# Experimental mechanics

A few days ago I got a call from a friend with an interesting problem. He’s investigating the failure of a long hollow steel rod, a rod that was said to have undergone helical buckling, and he wanted some help understanding the stresses and strains the rod had been subjected to when it buckled. I’ve done a lot of buckling analysis but never of helical buckling, so I told him I’d have to do a little studying and get back to him.

Helical buckling is a phenomenon that’s well known in the oil drilling and related industries but almost unheard of elsewhere. It occurs when a long rod that’s loosely encased in a larger diameter tube is compressed beyond its stability limit. If it weren’t for the tube that surrounds it, the rod would simply bow out to the side like Charlie Chaplin’s cane.

But the surrounding tube constrains the buckling rod, and if you keep compressing it, it will eventually wind itself into a helix in contact with the inner wall of the outer tube. The equations of a helix are fairly simple, so it’s easy to describe the midline of the buckled rod, but I was interested in whether the cross-section of the rod would rotate about its midline as it buckled, something the equations of the midline don’t tell you. It seemed from what I’d read that the cross-section shouldn’t rotate, but I wanted to see it for myself—not in a drawing, but in the flesh.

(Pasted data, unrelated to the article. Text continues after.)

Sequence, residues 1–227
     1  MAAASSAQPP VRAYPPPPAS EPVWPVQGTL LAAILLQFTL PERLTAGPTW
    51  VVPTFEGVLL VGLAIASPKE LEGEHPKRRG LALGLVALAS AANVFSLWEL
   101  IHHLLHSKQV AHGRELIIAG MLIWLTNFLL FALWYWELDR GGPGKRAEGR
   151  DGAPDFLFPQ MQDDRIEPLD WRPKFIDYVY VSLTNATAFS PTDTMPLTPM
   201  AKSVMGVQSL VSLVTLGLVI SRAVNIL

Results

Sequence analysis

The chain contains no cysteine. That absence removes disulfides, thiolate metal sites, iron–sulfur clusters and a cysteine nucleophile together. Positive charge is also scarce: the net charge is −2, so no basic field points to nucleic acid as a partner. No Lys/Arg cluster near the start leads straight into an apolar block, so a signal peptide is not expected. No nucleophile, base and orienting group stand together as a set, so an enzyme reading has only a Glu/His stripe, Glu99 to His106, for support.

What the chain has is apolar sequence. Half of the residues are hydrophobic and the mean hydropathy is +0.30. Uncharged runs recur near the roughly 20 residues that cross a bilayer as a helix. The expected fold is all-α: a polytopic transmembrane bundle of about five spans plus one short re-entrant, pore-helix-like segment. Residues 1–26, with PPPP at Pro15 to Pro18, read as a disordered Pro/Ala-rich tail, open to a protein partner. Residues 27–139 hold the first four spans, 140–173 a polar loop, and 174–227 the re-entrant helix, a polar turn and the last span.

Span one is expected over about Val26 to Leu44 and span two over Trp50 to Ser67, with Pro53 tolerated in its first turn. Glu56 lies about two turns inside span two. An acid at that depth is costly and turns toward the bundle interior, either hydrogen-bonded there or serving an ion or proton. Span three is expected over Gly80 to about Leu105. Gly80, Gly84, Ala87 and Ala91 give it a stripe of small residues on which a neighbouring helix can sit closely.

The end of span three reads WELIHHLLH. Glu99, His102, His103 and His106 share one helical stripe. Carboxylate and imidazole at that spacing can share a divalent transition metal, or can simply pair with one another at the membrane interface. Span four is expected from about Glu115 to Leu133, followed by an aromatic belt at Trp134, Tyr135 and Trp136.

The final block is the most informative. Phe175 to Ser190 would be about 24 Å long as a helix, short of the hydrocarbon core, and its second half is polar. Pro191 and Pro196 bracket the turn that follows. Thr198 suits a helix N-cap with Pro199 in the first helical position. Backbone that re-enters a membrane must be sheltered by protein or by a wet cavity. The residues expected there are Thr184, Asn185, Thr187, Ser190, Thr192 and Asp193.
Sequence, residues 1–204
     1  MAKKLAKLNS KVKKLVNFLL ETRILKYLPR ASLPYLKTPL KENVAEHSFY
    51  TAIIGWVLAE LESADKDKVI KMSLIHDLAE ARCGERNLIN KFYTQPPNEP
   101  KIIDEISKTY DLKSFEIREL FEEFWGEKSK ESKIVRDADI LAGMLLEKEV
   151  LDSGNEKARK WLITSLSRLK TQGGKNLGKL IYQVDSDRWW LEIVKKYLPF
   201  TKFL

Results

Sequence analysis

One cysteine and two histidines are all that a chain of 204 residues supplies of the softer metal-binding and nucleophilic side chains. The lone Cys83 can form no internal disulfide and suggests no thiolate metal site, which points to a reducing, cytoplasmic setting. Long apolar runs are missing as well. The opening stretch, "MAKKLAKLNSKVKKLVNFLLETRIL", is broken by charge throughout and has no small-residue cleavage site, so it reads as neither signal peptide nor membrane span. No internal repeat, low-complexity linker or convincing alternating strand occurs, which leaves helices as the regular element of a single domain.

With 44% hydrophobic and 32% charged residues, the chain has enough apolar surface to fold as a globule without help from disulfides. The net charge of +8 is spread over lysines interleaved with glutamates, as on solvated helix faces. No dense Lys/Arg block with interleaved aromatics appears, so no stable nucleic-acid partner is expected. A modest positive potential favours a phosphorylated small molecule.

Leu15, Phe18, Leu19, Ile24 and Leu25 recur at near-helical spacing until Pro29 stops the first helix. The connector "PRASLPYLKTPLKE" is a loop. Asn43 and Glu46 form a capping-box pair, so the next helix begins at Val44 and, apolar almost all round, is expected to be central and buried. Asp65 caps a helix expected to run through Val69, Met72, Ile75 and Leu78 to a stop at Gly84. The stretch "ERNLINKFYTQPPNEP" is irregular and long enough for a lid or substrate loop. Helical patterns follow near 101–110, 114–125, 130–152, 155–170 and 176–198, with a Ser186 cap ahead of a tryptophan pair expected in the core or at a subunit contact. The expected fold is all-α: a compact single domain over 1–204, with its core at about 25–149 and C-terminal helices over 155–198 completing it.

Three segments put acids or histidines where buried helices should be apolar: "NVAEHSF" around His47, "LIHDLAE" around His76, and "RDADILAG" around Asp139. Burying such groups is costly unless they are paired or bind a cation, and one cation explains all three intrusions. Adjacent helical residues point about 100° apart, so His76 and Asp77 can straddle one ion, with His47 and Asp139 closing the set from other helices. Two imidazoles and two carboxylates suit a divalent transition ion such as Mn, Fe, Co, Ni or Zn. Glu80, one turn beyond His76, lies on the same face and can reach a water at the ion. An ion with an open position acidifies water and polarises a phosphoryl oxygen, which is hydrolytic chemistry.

Not having hundreds of feet of steel tubing at my disposal, I started looking around the office for things I could put together. Here’s what I came up with:

The rod is two plastic stick eraser refills glued together end-to-end. The enclosing tube is a graduated cylinder. We had lots of PVC and metal tubes around the office, but the graduated cylinder was the obvious choice1 because it allowed me to see the buckled rod inside it. The black thing on top of the rod is the cap from a vial that fits fairly nicely in the cylinder and holds the top of the rod. Finally, the white plug at the top of the cylinder is a plastic block eraser that I trimmed down to fit snugly in the cylinder. When I pushed the block eraser down into the cylinder, it buckled the rod into a helix and held it there.

Can you see that the rod is helical? If it looks more like a plane sinusoid to you, this video may help.

Except at the very bottom, the rod is up against the inside of the glass cylinder.

Looking back at the photo, you can see that the writing along the rod is always facing towards us. Therefore, the cross-section doesn’t rotate during the buckling. This is what I’d read, but now I could visualize it, and I felt more comfortable using the equations for stress and strain.

Although I spent a lot of time in school learning analytical techniques, most of my professors (the ones whose lessons stuck with me) emphasized the importance of physical understanding, how to “think like the structure” before doing any calculations. And when the structure is too smart for me, I try to make little models like this so I can learn how it thinks.

1. I was going to say “the clear choice,” but I didn’t want to make such a transparent pun.